Smoke And Fire
© Copyright 2002 by Judith Nakken
The doorbell is ringing. It really goes ding-dong, ding-dong. Slow and two-toned like that Avon commercial.
Remember when the Avon Lady came every month? Her basket was full of scented samples and she appreciated my order. These days one appears magically during the Christmas season. She hangs a couple of catalogs on my door in the middle of the night so she won’t have to see me. If I want my soap or bath oil I have to talk to her answering machine. She could be a man, a nom de plume on voice mail, for all I know.
The Avon Lady brought tidbits of gossip from the neighborhood when she visited in the evening. "I’m not sure this is true," she’d titter as she placed yet another new product in my hands, "but where there’s smoke, there’s fire, you know." I wasn’t acquainted with them, working all day and half the weekends as I did, but my neighbors’ peccadilloes became familiar to me. And, my mama used to say that, too. Where there’s smoke there’s fire.
"What house does she live in?" I encouraged that Avon Lady’s penchant for carrying tales in suburbia, and knew my neighbors only through her. Across in the blue house the woman was in her seventh marriage. The two guys in the house on the corner weren’t really uncle and nephew. You know what I mean. The redhead down the street had undergone four abortions. I knew them, and remembered their sins, even when all had moved away and the Avon Lady didn’t come any more.
Perhaps I should answer the door? Maybe it’s a real Avon Lady? I need soap.
The Company moved to Cleveland. I was highly marketable, and took a position here that paid more than I’d been making after twenty-two years. I had a new staff of eight. Their sympathies were with their discharged supervisor and two of them were deliberately making the work more difficult and my life miserable.
I called them into my office. Two weeks to get on the team, I told their two stone faces. I could personally handle what you’re both doing badly right now until I find other staff, I said.
Yes, ma’am, they said. The one who’d been there forever sat in her partitioned corner and smiled enigmatically while the young one never came back. Our Workman’s Compensation carrier had a claim within the week.
"Mental anguish. Sexual harassment. ‘She rubbed against me and grabbed my chi-chi’s,’" was on the copy of the hand-written claim form Personnel received.
I went to the insurance carrier’s office and met with its attorney. They were negotiating a reasonable settlement, and my firm would have nothing to say about it. It saves money in the long run, she said as she did not meet my eyes. We don’t admit guilt, of course. She smiled and judged my crisp trousers, tweed blazer and the smoke in the file in front of her, and did not offer her hand.
A photocopy of the claim and the payoff was on the windshield of each car in the parking lot a week later. I still didn’t know if chi-chi’s were breasts or buttocks when the summons came from the State. The old girl continued to smirk in her corner. The new data operator shrank from me and ran to the bathroom, weeping.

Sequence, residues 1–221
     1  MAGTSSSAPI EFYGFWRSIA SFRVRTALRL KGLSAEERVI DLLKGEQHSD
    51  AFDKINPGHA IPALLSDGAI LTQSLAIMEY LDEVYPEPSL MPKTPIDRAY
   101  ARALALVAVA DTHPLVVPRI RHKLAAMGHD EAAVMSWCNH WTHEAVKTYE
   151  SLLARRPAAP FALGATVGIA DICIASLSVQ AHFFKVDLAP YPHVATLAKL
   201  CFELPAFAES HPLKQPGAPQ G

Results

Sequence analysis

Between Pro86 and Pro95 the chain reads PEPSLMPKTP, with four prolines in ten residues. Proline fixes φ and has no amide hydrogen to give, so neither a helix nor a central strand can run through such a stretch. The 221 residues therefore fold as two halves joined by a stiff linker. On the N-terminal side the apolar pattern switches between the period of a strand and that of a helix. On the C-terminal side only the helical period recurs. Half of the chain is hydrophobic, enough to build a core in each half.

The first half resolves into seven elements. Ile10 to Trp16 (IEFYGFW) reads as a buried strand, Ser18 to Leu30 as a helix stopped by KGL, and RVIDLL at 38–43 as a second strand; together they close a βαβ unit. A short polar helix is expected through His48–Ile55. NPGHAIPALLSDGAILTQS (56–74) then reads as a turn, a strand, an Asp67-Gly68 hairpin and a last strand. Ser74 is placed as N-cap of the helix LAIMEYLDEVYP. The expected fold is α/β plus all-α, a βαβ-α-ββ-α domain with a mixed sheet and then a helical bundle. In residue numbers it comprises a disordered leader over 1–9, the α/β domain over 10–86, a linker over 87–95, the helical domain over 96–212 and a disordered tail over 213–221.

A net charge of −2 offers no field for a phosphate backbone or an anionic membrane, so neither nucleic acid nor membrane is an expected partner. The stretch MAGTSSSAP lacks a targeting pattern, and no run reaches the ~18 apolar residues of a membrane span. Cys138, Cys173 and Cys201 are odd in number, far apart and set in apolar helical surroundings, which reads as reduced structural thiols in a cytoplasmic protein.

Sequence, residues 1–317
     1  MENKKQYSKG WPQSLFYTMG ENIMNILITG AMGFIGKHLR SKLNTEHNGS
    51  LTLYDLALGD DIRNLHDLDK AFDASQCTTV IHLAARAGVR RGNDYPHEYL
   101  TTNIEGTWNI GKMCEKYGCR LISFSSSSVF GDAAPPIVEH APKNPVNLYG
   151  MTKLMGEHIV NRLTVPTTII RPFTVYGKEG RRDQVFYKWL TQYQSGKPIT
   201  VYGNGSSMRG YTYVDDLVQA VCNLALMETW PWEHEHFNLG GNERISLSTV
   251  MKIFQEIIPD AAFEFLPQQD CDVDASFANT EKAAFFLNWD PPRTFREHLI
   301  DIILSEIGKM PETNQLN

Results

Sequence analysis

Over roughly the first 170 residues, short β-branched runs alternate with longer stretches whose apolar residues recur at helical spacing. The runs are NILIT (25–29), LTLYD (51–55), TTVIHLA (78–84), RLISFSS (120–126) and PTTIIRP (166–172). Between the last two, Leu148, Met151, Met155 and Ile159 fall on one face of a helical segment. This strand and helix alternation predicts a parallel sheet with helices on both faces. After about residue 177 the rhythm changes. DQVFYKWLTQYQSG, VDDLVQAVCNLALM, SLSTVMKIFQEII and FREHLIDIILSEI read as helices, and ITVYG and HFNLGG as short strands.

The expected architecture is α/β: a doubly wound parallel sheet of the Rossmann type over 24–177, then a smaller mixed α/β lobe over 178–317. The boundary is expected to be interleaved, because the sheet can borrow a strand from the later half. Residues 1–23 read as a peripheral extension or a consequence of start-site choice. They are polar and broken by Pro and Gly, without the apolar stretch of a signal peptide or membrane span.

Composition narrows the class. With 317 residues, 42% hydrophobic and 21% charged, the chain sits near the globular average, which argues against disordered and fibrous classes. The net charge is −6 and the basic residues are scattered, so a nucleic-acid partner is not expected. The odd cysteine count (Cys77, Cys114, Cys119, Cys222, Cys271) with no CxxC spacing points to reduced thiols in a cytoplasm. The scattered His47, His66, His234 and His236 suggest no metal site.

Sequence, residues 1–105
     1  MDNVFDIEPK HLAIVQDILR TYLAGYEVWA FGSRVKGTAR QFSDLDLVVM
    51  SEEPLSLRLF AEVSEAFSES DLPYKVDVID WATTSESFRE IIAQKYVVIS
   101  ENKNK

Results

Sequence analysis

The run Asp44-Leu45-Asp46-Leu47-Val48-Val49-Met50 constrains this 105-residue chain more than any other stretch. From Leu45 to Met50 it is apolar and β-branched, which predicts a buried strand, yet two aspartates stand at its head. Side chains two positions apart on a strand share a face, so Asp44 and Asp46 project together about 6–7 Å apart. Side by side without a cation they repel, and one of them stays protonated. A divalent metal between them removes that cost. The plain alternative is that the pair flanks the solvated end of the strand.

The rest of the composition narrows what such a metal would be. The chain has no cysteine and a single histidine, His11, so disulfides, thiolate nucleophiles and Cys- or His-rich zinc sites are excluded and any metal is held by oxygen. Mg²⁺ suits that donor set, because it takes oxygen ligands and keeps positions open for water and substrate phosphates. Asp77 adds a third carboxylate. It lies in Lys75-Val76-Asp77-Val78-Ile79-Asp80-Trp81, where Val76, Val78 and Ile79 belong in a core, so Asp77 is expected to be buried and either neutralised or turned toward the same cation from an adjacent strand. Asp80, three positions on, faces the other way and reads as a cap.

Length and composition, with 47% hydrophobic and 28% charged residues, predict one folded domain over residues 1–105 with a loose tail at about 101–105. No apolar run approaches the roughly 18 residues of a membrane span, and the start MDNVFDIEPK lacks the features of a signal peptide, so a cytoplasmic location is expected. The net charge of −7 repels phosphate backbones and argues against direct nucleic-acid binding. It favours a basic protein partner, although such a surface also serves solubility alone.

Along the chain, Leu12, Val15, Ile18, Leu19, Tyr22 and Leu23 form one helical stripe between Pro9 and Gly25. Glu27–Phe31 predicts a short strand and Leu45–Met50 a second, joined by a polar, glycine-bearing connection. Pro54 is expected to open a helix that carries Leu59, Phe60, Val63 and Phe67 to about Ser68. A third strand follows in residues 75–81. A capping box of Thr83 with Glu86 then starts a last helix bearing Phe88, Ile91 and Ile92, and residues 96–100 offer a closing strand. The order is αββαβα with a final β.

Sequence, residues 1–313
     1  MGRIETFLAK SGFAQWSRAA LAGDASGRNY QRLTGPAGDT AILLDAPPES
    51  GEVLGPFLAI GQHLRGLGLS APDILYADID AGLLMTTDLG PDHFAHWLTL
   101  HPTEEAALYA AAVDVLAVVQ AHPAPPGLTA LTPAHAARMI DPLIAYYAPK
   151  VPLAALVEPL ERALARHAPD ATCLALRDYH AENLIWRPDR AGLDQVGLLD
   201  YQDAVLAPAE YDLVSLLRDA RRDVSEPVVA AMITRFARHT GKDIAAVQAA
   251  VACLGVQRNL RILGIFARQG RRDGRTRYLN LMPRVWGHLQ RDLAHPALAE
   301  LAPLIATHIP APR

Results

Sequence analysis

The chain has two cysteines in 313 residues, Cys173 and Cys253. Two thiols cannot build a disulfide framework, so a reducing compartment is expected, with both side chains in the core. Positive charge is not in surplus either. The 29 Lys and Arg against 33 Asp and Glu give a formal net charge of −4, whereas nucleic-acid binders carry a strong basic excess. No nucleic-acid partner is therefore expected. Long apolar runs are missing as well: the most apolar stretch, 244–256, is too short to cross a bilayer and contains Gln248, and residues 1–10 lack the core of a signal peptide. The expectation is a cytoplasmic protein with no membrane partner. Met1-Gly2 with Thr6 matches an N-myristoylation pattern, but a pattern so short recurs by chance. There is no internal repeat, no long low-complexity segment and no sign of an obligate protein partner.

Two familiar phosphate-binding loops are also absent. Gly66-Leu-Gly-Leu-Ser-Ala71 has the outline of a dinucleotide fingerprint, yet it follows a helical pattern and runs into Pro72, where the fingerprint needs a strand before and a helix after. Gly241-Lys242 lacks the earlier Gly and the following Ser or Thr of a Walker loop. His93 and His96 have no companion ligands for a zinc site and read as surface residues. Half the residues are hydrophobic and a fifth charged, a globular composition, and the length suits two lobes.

The cat peeks around the corner. Does the doorbell disturb her? Should I answer it?
My new employer was allowed to bring the accused, an officer who could sign a settlement, and one other person to the hearing. This became the corporate attorney. It makes more sense, I argued, to take my ex-husband or current, occasional lover. It’s too important, the president said, to be without representation. The State takes sexual harassment seriously.
The accuser was allowed to present as many witnesses as time allowed. Still, she had only one. The bitter woman from the corner insured her job forever by trembling in fear that I would terminate her for testifying. No, she was finally induced to emote, the new controller never touched me, but I was careful to keep a table between us at all times.
I’m heterosexual, period, I said. It’s not feasible that I harassed this woman. Check my twenty-two years’ work history. Talk to the last women I supervised.
Mr. Jefferson, the state arbitrator, heard me out and then ushered our party into a side room. We ventured small victory smiles. There is no proof, all we’ve lost is valuable time, our cautious expressions said. Jefferson came within minutes and asked for a check for $25,000 in full settlement.
I’m guilty? I asked. Without proof on either side, we choose to err on the side of the wronged, he replied.
Wronged? I could hear him thinking about smoke and fire as I collapsed.
I couldn’t work any more, even after I was well. Offices are full of women and some time I would have to be tough. So I garden and read and go to the movies. Matinees, when the theater isn’t crowded.
The bell stops. The cat creeps out and laps at the spillage in the center of the room. It’s not fitting, and I take her to my lap. The slut leaves her owner there and loves me immediately.
In the grocery, earlier, was a woman who lived across my street in the ‘80’s. Everyone knew she had euthanised her mother in another city. Before I could consider what the truth beyond the smoke might be she scuttled past me. I was ashamed.
I bought bullets for the thirty-year-old handgun. Three are left.
The bell rings
again. Ding-dong. A loud thump, thump batters at the door. I don’t
think it’s the Avon Lady.
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